I want to thank Connie Guelich for the taking the time to share her business experience and advice with us. I know you’ll be encouraged and inspired by her story!
1. If you could change anything about your start up years, what would it be?
This is a tough question. I started as a young mother of two so I was balancing family and building a business.
The most important advice I have for Mom’s building a business is to be very disciplined about setting aside time to work and time for family. Set up a schedule for yourself just as if you were reporting to work for someone else. Then when you work, work hard. Give it your all. But, also be sure to schedule ample time for family, and don’t feel guilty about it.
Be present with your kids and forget about work while you are with them. Otherwise if you run it all together you feel guilty 24/7 – when you are working you feel guilty about not being with your kids. When you are with the kids you feel guilty because you should be working. It’s a tough juggling act.
Also, know that the time with your kids is a short period of time in your whole life. You need to seize it while you can.
“…when you are working you feel guilty about not being with your kids. When you are with the kids you feel guilty because you should be working…”
When my children were young, I worked about 25 hours a week and I tried to choose the times when they were in school or in bed. I wanted to be involved in all they were doing. I think I got more done in those 25 hours than a lot of folks get done in twice that time. I really tried to focus and use good time management skills.
I have had an empty nest for a very long time and can devote as much time as I want to my business. So, I guess my answer is that I would not change anything. I have no regrets about starting slowly and making sure I had time for my children. None whatsoever.
After kids, there is plenty of time to catch up with your business.
3. What role does your website play in your business/marketing goals?
Our website is becoming more important all the time as both a marketing tool and a tool to reinforce our presence for clients. People expect us to have a web presence. Most new contacts tell us they have already checked out our website before calling us. And, we get great feedback on it. We post articles and market commentaries and upcoming events there. Then we link back to it from our business FB page and LinkedIn. We use it as a resource to register people for our workshops and seminars too.
4. How do you stand out from the crowd? And how do you find your clients?
The centerpiece of our work is active money management.
We standout because we have been telling people that ‘Buy and Hold’ doesn’t work for the last 8 years. More advisors have climbed on this wagon since 2009, but we were already saying that and managing our clients’ money actively. We avoided the calamity in the stock market in 2008-2009 for our clients.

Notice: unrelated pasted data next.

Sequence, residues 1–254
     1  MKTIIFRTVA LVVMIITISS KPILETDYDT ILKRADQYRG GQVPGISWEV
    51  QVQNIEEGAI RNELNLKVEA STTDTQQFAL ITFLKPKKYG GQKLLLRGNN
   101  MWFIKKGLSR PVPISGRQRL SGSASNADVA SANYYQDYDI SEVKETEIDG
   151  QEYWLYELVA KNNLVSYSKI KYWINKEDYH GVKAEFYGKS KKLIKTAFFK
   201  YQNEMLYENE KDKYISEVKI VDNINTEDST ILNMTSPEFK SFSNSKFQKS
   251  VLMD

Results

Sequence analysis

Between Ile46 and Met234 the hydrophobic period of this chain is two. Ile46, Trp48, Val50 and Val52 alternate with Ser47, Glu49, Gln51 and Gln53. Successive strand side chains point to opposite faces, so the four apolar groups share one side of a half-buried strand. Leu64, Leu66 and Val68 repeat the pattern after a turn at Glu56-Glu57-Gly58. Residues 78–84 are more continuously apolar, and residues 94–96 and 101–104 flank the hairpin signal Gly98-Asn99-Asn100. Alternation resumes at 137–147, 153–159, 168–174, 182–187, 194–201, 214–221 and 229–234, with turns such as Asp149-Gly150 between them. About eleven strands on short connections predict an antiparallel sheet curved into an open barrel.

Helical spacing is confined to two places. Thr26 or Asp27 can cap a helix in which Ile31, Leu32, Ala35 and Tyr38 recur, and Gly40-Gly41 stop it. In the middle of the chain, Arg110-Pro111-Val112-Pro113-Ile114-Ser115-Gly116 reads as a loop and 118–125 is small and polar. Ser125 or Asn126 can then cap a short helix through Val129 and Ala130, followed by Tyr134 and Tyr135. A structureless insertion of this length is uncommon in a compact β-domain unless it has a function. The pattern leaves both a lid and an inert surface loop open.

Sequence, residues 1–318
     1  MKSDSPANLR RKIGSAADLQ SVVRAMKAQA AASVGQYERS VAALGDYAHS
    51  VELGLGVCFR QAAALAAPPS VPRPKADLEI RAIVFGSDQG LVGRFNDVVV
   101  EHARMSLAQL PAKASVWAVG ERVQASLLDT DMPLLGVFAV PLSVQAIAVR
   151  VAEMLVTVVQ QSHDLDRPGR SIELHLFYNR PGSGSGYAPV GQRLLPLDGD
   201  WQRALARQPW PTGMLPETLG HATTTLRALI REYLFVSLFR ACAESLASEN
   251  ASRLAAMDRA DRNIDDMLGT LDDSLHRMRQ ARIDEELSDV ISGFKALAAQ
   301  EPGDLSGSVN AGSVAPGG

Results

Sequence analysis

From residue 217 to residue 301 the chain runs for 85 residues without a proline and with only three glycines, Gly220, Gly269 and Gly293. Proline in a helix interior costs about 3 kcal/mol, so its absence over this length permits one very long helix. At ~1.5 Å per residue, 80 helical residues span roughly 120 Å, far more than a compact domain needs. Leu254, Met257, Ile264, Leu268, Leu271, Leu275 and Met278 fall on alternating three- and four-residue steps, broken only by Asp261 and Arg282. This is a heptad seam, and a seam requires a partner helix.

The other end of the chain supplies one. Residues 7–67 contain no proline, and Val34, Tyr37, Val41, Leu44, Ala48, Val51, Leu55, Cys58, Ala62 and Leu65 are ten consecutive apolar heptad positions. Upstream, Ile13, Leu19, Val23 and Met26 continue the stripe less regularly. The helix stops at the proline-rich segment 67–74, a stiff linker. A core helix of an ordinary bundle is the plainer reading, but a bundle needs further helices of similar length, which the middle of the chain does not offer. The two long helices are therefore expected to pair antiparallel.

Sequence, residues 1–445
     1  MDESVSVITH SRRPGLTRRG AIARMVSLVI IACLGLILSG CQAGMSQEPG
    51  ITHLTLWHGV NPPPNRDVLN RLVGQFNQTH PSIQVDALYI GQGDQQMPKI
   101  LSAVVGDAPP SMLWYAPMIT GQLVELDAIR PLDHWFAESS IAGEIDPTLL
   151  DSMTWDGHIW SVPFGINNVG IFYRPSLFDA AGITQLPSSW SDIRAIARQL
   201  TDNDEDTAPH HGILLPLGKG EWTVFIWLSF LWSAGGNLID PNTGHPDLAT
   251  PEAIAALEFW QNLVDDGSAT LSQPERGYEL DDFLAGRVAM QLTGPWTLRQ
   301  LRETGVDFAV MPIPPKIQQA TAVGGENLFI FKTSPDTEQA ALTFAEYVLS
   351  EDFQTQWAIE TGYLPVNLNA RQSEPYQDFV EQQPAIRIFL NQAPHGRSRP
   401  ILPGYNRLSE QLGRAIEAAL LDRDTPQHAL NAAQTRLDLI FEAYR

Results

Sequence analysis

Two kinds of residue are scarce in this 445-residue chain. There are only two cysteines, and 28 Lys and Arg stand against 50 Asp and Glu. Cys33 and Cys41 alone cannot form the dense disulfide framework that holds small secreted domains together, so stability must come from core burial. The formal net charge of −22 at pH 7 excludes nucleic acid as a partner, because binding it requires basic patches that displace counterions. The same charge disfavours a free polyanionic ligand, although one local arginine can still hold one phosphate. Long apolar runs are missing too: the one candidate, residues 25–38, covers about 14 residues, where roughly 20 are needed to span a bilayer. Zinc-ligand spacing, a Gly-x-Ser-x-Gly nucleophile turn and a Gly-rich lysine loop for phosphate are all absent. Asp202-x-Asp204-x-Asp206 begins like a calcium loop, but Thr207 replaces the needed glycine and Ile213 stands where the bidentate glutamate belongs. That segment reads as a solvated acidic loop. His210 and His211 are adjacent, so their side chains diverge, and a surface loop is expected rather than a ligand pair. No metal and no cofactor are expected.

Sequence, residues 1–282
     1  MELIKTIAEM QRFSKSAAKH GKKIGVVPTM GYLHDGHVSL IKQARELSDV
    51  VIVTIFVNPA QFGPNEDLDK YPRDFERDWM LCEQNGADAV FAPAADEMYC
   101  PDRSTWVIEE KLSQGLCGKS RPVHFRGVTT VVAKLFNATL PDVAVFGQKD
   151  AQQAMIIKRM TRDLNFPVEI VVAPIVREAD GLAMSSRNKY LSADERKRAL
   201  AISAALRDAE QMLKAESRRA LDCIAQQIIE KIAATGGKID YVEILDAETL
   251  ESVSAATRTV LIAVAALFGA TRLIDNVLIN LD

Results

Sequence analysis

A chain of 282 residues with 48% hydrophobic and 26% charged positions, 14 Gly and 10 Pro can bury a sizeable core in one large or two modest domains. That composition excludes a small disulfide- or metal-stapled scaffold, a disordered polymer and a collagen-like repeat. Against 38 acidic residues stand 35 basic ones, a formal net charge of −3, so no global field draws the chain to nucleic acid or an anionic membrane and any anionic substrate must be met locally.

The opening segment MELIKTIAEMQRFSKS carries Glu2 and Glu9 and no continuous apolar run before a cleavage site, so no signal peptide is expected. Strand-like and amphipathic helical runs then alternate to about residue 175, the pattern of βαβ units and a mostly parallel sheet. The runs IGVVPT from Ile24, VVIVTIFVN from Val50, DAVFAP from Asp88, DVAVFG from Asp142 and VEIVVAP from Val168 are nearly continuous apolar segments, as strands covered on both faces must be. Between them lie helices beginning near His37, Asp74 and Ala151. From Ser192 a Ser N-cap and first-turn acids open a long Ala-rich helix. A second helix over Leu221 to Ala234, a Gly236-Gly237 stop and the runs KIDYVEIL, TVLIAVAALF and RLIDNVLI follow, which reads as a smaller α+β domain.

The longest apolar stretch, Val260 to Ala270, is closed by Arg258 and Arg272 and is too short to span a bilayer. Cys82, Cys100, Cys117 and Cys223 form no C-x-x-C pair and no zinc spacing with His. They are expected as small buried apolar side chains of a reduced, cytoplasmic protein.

About half our new clients come from referrals from existing clients.
Next we introduce people to our investment philosophy through seminars and workshops. We promote these on our website, social media and local radio.
Then we get referrals from other professionals, attorneys and accountants.
Also we are committed to relationships. Ours is a small firm and we know each client very well. We work hard on building strong relationships and we stand out from the many advisors who never contact their clients.
It takes constant communication to keep the pipeline full.
5. Do you have any book recommendations that were/are particularly eye-opening for you?
I read continually.
I usually have two or three books going at one time. Two classics in financial success are The Richest Man in Babylon and Think and Grow Rich. More recent titles that have helped me shape my business are The Experience Economy and The World is Flat.
I like Malcolm Gladwell’s writing: The Outliers is a favorite as well as The Tipping Point. Another good one is Sway by Ori and Rom Brafman. I just finished reading The Corner Office by Bryant. I found it to be a rich resource for leadership ideas. Right now I am reading The Case for Democracy by Sharansky.
6. Last minute words of advice for the Boutique business owner?
“Never neglect clients in a pursuit of prospects to become new clients.”
~ Connie Guelich
You can hire people all day long to work in your business but no one cares more about your business than you do. So make sure you know what is going on in all areas of your business. Your richest resource is your clients. Always remember to take good care of your clients adding value they don’t find anywhere else. Never neglect clients in a pursuit of prospects to become new clients. You have to do both, but remember that it is easier to keep a client than to find a new one.